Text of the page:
The results were also compared with some other samples (including siltstone, sandstone, and dolomite) that had been analyzed using similar methods. It is shown that the surface fractal dimension obtained by analysis of MIP data is consistent with the value obtained by image analysis for different samples with different porosity and permeability.
Novel information on the pore-to-throat aspect ratio is obtained by comparing the complete pore volume distribution (PVD) to the MIP data.
The main challenge facing the oil industry is to reduce development costs while accelerating recovery while maximising reserves. One of the key enabling technologies in this area is intelligent well completions. Downhole inflow control devices allow for the flexible operation of non-conventional wells. By placing sensors and control valves at the reservoir face, engineers can monitor reservoir and well performance in real time, analyse data, make decisions and modify the completion without physical intervention to optimise reservoir and asset performance. They provide the ability to independently control each valve individually from the surface to maximise oil production and/or minimise formation water and/or gas production. However, they may also be used to address other produced water management issues, such as inorganic scale control.
This paper describes the potential risks posed specifically to intelligent completions by scale deposition. The potential benefits to scale management that ICVs, such as control of scaling brine production and effective scale inhibitor placement, are described. Calculations are performed for a North Sea field with a barite scaling risk, and the cost benefit - specifically to scale management - of using ICVs is evaluated. These calculations demonstrate that intelligent completions significantly reduce the scale inhibitor chemical costs while improved scale inhibitor placement is achieved.
Inflow control valves (ICVs) are emerging as a very promising technology for minimising water production and optimising hydrocarbon recovery.[1-6] However, they also have the potential to address other produced water management issues, such as inorganic scale control, while the operation of the ICV and may in turn be affected by these produced water management issues. This paper aims to demonstrate the possible benefits that can be added to scale management as result of using ICV technology. It also investigates the potential risks posed to intelligent completions by the deposition of scale. The technical feasibility and economic viability of implementing intelligent well technology for scale management was studied. A case study illustrates how the ICVs may be used for scale management. Such a study that links the use of the intelligent wells and scale management has not been reported previously.
Figs. 1 and 2 illustrate some of the issues that may affect the performance of production tubing, and how better access to downhole information can improve the ability to deliver flow assurance.
Most of the oil production in the Middle East comes from carbonate reservoirs, the majority of which are fractured. These reservoirs tend to produce at high rates in their early production period followed by low rates later on, leading to low overall recovery. The challenge is to manage the field and arrest the production decline for a long time.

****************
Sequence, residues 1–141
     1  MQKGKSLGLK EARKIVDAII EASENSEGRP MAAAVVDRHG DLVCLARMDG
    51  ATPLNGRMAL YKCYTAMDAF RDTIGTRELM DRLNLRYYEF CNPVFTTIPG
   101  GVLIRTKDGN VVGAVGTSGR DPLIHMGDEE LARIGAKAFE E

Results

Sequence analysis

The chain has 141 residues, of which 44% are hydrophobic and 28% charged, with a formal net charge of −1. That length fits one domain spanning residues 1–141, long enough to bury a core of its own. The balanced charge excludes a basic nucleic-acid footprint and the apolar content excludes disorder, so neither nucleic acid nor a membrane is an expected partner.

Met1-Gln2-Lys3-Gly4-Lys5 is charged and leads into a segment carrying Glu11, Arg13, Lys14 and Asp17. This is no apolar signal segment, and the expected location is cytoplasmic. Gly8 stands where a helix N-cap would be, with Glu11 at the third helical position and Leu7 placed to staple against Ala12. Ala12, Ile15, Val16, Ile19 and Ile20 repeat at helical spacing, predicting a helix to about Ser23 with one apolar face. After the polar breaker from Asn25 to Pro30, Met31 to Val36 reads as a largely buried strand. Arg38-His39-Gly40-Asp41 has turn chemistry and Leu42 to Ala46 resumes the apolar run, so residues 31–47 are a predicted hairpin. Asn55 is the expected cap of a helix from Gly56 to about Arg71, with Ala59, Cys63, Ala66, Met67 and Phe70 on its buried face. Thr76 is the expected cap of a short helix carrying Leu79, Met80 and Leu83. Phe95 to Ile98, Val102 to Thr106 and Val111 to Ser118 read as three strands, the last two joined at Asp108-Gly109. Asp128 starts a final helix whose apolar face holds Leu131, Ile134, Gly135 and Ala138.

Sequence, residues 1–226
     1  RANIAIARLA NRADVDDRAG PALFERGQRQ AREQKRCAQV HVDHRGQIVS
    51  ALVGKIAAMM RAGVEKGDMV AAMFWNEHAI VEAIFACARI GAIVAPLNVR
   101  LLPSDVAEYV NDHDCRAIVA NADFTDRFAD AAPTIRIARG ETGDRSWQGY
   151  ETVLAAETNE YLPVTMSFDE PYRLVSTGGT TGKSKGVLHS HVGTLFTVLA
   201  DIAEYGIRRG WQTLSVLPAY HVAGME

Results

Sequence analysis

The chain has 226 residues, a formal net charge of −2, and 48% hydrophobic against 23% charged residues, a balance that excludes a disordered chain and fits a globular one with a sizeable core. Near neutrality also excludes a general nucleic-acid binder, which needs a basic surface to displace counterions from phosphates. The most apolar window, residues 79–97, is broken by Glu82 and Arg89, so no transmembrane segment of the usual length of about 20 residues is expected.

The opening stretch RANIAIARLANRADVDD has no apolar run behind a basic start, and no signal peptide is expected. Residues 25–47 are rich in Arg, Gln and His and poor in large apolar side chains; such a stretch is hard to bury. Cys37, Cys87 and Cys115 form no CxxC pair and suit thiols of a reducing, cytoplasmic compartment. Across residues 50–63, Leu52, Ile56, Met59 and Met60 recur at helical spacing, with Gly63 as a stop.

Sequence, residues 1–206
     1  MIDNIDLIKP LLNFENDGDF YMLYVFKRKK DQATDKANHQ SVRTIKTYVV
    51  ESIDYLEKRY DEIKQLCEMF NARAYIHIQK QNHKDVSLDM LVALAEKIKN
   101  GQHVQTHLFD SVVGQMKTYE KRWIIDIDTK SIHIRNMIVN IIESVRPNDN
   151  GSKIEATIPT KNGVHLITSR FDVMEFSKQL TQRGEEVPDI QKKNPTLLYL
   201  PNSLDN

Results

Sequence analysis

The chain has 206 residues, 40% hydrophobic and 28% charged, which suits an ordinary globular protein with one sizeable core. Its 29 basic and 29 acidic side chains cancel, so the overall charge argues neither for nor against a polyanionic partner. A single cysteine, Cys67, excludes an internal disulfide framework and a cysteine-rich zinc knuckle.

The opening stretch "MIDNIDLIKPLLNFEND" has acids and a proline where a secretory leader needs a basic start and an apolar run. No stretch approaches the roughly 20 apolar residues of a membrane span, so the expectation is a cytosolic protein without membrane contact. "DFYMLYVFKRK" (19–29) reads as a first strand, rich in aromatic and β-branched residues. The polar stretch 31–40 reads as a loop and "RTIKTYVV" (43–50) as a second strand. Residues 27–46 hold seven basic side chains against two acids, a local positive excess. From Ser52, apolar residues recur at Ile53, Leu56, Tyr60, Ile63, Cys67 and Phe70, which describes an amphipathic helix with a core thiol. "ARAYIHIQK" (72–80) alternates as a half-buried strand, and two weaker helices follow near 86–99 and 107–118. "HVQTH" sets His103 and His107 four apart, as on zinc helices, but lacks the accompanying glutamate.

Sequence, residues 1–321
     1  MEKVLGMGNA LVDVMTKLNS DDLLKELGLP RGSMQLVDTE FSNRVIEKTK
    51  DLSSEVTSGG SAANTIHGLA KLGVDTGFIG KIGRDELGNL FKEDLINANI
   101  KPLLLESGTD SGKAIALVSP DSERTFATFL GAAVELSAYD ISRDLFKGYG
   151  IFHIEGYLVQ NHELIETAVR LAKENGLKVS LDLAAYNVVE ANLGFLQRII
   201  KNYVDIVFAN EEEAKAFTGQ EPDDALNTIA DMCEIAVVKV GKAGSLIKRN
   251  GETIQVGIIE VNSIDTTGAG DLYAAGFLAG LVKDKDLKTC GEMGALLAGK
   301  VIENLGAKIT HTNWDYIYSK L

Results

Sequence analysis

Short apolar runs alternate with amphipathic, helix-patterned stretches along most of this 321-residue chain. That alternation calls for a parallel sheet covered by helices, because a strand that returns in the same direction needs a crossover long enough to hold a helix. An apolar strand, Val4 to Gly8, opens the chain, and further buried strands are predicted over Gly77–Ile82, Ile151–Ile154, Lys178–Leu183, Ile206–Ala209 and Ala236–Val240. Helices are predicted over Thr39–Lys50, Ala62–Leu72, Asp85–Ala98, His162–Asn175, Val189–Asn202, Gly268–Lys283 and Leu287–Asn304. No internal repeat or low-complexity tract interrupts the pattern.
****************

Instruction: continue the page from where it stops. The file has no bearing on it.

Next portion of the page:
A reservoir simulation study was performed on a fractured Middle Eastern carbonate field to determine the optimal production strategy. Three possible scenarios - natural depletion, gas injection and water injection were compared. Results indicated that water injection yields better recoveries than gas injection and natural depletion; this is expected since the rock is intermediate to oil-wet, meaning that there was high recovery from imbibition in water flooding. The presence of connected fractures led to early breakthrough and low recoveries in gas injection scenarios. The different physical mechanisms affecting oil recovery are discussed and recommendations are made for other fields with the same fracture properties and wettability
We adapted a scratch apparatus used to evaluate shear strength and stiffness of rocks to use on soft filter cakes, to obtain quantitative information on cake properties for modelling purposes. The modelling will help design better drilling fluids, in terms of their filter cake's resistance to oil production onset. Scratch testing of rock specimens is now a well established method to obtain reliable strength and stiffness measurements as a function of distance along the scratched surface. The apparatus consists of a rigid frame holding a cutter, being pushed at a constant velocity over a rock specimen. A micrometric screw allows the user to choose a precise cutting depth, while a bidirectional load cell monitors the shear and normal forces on the cutter. The shear force can be related to the specific energy of cutting, which in turn correlates with the Unconfined Compressive Strength (UCS) of the rock. New low-resolution load cells have been installed in anticipation of the orders of magnitude lower expected values when scraping filter cakes. Rocks were exposed to different fluids to assess the impact on filter cake quality and inner filter cake properties. The effect of the internal filter cake on the rock was also addressed by scratching the rocks prior to filtration and once again after, scratching through the filter cake, on the exposed rock face. Quantitative and detailed probing of filter cake elastic properties is now possible using the scratch method. Concerns about removing the filter cake all at once (especially when OBM systems are tested, known for their low adhesion) turned out to be unfounded; the tool was capable of scraping out clean, well-defined cake layers, down to a thickness of 0.1 mm.